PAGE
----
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The Viennese School: Teachers & Followers Of Schoenberg, Vol. 2

Schoenberg / Scheilermacher,Steffen
Release Date: 01/25/2011 
Label:  Md&g (Dabringhaus & Grimm)   Catalog #: 6131434   Spars Code: DDD 
Composer:  Arnold SchoenbergNatalia PrawossudowitschPeter SchachtNikos Skalkottas,   ... 
Performer:  Steffen Schleiermacher
Number of Discs: 1 
In Stock: Usually ships in 24 hours.  

Notes and Editorial Reviews



THE VIENNESE SCHOOL, TEACHERS AND FOLLOWERS: ARNOLD SCHOENBERG 2: Berlin/Los Angeles Followers Steffen Schleiermacher (pn) MDG 613 1434-2 (66:00)


SCHOENBERG Klavierstücke, op. 33a, 33b. PRAWOSSUDOWITSCH Primitivi. SCHACHT Kinderstücke. SKALKOTTAS Suite No. 3. Read more BLITZSTEIN Sonata 1927. SCHMID Widmungen. KIRCHNER Little Suite. HARRISON Sarabande. CAGE Variations I


For all its horrendous title (there have been earlier volumes in this series, on Berg, Webern, and Schoenberg), and despite the second composer’s name, this is a delightful disc, filled with a variety of intriguing, even charming music. As much as Schoenberg may have influenced these seven gentlemen and one lady, he didn’t pass along his dense, dry surfaces. As pianist Steffen Schleiermacher says in his otherwise awkwardly written (or badly translated) notes, “a good teacher is revealed by not being omnipresent in the works of his pupil.” The composers I know—Skalkottas, Blitzstein, Kirchner, Harrison, and Cage—are all strong individualists, and the others also seem to be.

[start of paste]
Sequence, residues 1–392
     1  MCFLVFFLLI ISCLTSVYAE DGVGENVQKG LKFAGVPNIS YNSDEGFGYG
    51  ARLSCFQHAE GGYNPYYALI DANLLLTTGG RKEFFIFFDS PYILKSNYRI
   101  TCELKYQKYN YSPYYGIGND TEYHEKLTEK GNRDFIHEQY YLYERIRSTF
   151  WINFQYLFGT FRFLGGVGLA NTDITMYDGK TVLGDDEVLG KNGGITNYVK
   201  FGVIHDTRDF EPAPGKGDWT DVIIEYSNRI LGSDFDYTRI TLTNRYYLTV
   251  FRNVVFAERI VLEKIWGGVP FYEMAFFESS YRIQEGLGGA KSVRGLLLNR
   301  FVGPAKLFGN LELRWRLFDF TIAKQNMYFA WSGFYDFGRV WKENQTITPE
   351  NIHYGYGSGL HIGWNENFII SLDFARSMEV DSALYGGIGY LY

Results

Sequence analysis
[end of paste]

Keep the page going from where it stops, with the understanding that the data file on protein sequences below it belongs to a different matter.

For that matter, Schoenberg’s two final piano pieces (1930/31) are themselves relief from his earlier works, the 12 tones now sublimated into something closer to Brahms. On Glazunov’s recommendation, Natalia Prawossudowitsch (1899–1988) came to Berlin to study with Schoenberg in 1928, but her six Primitivi were written in the previous year. They run about a minute each and reflect Berlin’s 1920s avant-garde, early Hindemith sprinkled with a dash of Gershwin, their titles ranging from Espresso cantabile to Foxtrott grotesque . Schleiermacher emphasizes their delicate colors more than their rhythmic punch. Peter Schacht (1901–45)—not to be confused with Dutch composer Peter Schat—studied with the master from 1927 to 1931; his seven Children’s Pieces (c.1940) are also light and colorful, glowing with a high polish.


Skalkottas’s Suite brings us back to the second Viennese school while maintaining his own distinctive personality; after Berg and Webern, he was able to make the most convincing use of the 12 tones. These four movements pack a wide variety of expression into 11 minutes: a minuet, a tight set of variations on a Greek popular theme, a devastating funeral march, and a sparkling Allegro Vivace to wash away the tears. Blitzstein’s Sonata 1927 was written right after a year’s master classes with Schoenberg. It was greeted as the explosion of an angry young man. (“They felt as uncomfortable as hell. And so did I.”) Yet today its eight minutes ring true, as fresh, inventive, and convincing as anything Blitzstein wrote. Once again, Schleiermacher demonstrates an ability to find the lyrical heart of complex music. Erich Schmid (1907–2000) is the one composer here in whose music the teacher is revealed. His five Dedications try to out-Schoenberg Schoenberg, with a hint of Webern thrown in; they do a very impressive job of it and manage to sound beautiful as well.